Old From New.
In 1655 the English mathematician John Wallis published a book in which he derived a formula for pi as the product of an infinite series of ratios. Now researchers from the University of Rochester, in a surprise discovery, have found the same formula in quantum mechanical calculations of the energy levels of a hydrogen atom.
“We weren’t looking for the Wallis formula for pi. It just fell into our laps,” said Carl Hagen, a particle physicist at the University of Rochester. Having noticed an intriguing trend in the solutions to a problem set he had developed for students in a class on quantum mechanics, Hagen recruited mathematician Tamar Friedmann and they realised this trend was in fact a manifestation of the Wallis formula for pi.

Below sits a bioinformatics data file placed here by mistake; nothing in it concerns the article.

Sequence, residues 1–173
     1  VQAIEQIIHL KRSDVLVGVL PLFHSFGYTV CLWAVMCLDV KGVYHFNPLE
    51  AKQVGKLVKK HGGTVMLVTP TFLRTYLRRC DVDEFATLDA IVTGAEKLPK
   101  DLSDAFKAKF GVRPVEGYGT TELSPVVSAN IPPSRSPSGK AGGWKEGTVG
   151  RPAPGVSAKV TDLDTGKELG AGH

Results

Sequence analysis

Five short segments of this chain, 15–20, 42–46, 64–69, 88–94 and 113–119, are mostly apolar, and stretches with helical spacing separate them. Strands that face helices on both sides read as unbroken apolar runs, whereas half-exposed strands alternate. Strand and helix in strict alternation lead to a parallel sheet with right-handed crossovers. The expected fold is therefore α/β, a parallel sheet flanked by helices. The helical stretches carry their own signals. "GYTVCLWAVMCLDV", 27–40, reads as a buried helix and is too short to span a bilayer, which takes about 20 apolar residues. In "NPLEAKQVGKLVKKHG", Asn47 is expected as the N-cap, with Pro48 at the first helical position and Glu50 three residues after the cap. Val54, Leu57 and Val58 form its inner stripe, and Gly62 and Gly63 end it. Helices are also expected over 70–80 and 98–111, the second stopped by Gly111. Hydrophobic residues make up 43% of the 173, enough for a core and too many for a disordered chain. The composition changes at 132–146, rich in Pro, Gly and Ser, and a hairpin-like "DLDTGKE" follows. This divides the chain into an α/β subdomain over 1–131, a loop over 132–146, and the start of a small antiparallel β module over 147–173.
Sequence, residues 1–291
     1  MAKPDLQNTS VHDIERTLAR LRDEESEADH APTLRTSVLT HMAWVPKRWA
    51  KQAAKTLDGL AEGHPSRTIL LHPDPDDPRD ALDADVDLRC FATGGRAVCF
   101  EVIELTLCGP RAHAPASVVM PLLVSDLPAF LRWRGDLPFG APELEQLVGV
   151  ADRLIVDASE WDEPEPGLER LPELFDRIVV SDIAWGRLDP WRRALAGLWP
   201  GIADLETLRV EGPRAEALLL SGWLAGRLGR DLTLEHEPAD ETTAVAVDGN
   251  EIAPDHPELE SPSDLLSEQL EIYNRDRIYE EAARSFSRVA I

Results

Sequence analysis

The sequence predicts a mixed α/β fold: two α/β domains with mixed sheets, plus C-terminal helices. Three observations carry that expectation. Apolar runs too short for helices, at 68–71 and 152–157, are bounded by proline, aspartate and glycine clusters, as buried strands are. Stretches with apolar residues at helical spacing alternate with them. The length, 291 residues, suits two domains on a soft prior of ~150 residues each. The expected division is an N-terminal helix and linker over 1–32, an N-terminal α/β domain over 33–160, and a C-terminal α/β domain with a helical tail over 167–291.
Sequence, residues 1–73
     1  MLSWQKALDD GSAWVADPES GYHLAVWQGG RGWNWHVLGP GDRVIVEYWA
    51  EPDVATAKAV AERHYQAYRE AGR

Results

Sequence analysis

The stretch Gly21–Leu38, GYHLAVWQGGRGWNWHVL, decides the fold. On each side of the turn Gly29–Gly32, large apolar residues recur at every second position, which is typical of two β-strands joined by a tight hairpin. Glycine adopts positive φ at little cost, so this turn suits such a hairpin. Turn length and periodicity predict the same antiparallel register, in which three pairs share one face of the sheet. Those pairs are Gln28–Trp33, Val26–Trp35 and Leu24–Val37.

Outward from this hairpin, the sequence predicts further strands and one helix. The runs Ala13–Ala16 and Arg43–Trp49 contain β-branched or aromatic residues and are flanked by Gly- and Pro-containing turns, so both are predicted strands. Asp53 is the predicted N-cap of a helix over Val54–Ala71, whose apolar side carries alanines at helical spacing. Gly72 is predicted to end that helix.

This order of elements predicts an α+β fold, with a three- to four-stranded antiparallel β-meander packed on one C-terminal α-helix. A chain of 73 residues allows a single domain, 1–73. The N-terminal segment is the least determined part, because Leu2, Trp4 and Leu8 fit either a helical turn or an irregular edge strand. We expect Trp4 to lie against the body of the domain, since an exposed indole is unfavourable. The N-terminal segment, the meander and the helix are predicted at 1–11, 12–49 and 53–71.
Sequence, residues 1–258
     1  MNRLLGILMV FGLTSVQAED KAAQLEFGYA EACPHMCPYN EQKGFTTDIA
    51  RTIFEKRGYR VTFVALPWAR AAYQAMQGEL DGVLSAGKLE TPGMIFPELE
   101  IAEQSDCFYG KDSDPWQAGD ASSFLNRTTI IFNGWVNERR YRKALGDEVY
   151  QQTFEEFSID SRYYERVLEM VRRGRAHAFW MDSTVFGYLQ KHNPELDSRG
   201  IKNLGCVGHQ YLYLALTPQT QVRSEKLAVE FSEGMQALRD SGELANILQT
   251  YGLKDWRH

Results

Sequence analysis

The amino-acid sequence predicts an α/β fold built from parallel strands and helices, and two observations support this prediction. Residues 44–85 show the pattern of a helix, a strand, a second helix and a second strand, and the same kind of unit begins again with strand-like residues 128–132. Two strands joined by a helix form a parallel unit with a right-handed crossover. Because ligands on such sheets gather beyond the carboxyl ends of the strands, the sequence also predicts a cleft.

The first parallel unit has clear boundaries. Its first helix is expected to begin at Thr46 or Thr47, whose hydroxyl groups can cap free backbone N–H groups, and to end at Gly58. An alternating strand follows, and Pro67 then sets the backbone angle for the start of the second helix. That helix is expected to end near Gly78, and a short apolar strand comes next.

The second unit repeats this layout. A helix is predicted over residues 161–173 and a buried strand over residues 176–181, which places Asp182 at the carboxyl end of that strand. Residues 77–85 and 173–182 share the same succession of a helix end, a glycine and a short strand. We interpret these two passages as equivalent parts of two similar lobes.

“It was a complete surprise; I jumped up and down when we got the Wallis formula out of equations for the hydrogen atom,” said Friedmann. “The special thing is that it brings out a beautiful connection between physics and math. I find it fascinating that a purely mathematical formula from the 17th century characterises a physical system that was discovered 300 years later.”
The theory of quantum mechanics dates back to the early 20th century and the Wallis formula has been around for hundreds of years, but the connection between the two had remained hidden until now.
“Nature had kept this secret for the last 80 years,” Friedmann said. “I’m glad we revealed it.”
The researchers report their findings in the Journal of Mathematical Physics, from AIP Publishing.